Short- and long-term quality of life and bowel function in patients with MRI-defined, high-risk, locally advanced rectal cancer treated with an intensified neoadjuvant strategy in the randomized phase 2 EXPERT-C trial

Francesco Sclafani, Clare Peckitt, David Cunningham, Diana Tait, Jordi Giralt, Bengt Glimelius, Susana Roselló Keränen, Andrew Bateman, Tamas Hickish, Josep Tabernero, Janet Thomas, Gina Brown, Jacqueline Oates, Ian Chau

Research output: Contribution to journalArticleResearchpeer-review

10 Citations (Scopus)

Abstract

© 2015 Elsevier Inc. All rights reserved. Objective Intensified preoperative treatments have been increasingly investigated in locally advanced rectal cancer (LARC), but limited data are available for the impact of these regimens on quality of life (QoL) and bowel function (BF). We assessed these outcome measures in EXPERT-C, a randomized phase 2 trial of neoadjuvant capecitabine combined with oxaliplatin (CAPOX), followed by chemoradiation therapy (CRT), total mesorectal excision, and adjuvant CAPOX with or without cetuximab in magnetic resonance imaging-defined, high-risk LARC. Methods and Materials QoL was assessed using the European Organization for Research and Treatment of Cancer QLQ-C30 and QLQ-CR29 questionnaires. Bowel incontinence was assessed using the modified Fecal Incontinence Severity Index questionnaire. Results Compared to baseline, QoL scores during preoperative treatment were better for symptoms associated with the primary tumor in the rectum (blood and mucus in stool, constipation, diarrhea, stool frequency, buttock pain) but worse for global health status, role functioning, and symptoms related to the specific safety profile of each treatment modality. During follow-up, improved emotional functioning and lessened anxiety and insomnia were observed, but deterioration of body image, increased urinary incontinence, less sexual interest (men), and increased impotence and dyspareunia were observed. Cetuximab was associated with a deterioration of global health status during neoadjuvant chemotherapy but did not have any long-term detrimental effect. An improvement in bowel continence was observed after preoperative treatment and 3 years after sphincter-sparing surgery. Conclusions Intensifying neoadjuvant treatment by administering induction systemic chemotherapy before chemoradiation therapy improves tumor-related symptoms and does not appear to have a significantly detrimental effect on QoL and BF, in both the short and the long term.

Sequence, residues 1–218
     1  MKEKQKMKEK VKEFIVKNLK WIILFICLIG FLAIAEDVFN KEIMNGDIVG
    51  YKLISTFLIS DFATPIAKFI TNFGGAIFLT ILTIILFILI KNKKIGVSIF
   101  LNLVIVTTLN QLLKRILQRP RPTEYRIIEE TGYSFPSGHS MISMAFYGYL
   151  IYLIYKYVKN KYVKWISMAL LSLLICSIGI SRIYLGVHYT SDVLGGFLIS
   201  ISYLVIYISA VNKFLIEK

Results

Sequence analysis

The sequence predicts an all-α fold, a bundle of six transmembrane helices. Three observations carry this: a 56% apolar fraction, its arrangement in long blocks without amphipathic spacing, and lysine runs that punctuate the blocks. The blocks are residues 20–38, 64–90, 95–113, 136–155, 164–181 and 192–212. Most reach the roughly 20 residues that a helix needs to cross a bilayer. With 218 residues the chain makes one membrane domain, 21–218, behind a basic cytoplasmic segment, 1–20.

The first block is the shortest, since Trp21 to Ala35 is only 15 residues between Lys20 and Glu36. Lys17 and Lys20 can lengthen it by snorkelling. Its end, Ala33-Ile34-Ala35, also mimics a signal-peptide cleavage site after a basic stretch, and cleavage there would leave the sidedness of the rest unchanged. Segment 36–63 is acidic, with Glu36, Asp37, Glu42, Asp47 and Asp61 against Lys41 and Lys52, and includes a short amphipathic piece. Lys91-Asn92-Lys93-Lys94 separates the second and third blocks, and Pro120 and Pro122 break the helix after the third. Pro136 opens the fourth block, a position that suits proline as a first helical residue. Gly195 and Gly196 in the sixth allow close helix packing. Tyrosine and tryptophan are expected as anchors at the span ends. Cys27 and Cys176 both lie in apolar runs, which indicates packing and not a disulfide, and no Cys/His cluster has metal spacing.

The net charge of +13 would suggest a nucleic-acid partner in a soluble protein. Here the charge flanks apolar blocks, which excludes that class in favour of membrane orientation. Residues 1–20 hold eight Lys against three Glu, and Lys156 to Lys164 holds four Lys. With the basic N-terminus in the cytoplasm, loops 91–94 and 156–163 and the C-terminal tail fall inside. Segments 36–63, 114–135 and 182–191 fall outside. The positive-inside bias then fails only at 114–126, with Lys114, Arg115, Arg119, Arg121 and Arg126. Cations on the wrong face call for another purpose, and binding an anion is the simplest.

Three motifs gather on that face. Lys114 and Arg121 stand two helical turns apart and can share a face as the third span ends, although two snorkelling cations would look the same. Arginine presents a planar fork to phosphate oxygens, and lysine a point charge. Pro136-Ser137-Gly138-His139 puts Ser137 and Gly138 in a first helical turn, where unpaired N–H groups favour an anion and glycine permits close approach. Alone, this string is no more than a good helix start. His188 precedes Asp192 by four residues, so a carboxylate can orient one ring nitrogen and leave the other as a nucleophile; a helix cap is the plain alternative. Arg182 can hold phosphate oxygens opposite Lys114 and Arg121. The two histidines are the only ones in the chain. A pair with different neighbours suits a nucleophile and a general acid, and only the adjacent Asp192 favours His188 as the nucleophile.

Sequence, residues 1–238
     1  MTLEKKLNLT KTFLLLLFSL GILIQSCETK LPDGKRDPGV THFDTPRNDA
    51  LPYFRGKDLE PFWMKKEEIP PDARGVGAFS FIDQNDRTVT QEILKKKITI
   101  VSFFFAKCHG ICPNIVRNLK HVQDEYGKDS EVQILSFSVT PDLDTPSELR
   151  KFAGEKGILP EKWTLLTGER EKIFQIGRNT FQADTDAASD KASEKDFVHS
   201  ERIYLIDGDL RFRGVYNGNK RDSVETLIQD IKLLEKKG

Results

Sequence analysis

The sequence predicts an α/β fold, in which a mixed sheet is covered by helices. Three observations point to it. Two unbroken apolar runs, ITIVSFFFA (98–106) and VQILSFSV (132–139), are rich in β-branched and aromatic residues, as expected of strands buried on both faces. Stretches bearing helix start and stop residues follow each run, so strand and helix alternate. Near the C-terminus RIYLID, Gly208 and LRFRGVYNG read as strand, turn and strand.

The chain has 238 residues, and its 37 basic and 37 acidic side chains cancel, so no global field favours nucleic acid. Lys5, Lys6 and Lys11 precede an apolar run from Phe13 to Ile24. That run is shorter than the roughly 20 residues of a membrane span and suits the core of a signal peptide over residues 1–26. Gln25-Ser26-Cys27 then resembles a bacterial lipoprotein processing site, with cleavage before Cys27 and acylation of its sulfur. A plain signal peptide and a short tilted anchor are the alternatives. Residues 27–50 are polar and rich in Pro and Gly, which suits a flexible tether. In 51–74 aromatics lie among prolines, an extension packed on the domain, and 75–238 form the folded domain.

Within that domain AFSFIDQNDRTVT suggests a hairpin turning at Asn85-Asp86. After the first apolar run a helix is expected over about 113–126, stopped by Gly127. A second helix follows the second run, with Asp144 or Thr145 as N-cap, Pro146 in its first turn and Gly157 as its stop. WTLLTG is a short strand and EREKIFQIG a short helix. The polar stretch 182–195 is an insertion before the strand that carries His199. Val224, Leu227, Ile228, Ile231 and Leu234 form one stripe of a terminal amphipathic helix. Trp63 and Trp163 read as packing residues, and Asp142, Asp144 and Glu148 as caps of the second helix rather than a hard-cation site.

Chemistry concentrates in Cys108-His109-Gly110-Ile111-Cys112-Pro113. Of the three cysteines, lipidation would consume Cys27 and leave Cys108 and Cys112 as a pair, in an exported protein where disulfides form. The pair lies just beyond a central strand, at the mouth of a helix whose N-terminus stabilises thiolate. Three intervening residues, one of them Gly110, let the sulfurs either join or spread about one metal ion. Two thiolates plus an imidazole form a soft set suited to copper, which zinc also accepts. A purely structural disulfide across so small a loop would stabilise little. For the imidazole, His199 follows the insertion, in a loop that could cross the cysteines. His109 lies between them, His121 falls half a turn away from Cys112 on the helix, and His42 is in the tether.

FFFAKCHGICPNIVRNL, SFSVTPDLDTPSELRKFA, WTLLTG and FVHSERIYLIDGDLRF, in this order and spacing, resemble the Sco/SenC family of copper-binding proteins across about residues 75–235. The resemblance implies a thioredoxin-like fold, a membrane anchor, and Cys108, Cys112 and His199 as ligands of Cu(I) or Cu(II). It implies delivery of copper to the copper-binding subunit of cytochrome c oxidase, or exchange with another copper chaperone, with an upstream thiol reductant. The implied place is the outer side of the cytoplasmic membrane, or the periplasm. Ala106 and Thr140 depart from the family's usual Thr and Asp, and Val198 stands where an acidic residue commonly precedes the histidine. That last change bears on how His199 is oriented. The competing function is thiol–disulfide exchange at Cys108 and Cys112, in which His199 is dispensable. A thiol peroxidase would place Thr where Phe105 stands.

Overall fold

Original languageEnglish
Pages (from-to)303-312
JournalInternational Journal of Radiation Oncology Biology Physics
Volume93
Issue number2
DOIs
Publication statusPublished - 1 Jan 2015

Fingerprint Dive into the research topics of 'Short- and long-term quality of life and bowel function in patients with MRI-defined, high-risk, locally advanced rectal cancer treated with an intensified neoadjuvant strategy in the randomized phase 2 EXPERT-C trial'. Together they form a unique fingerprint.

Cite this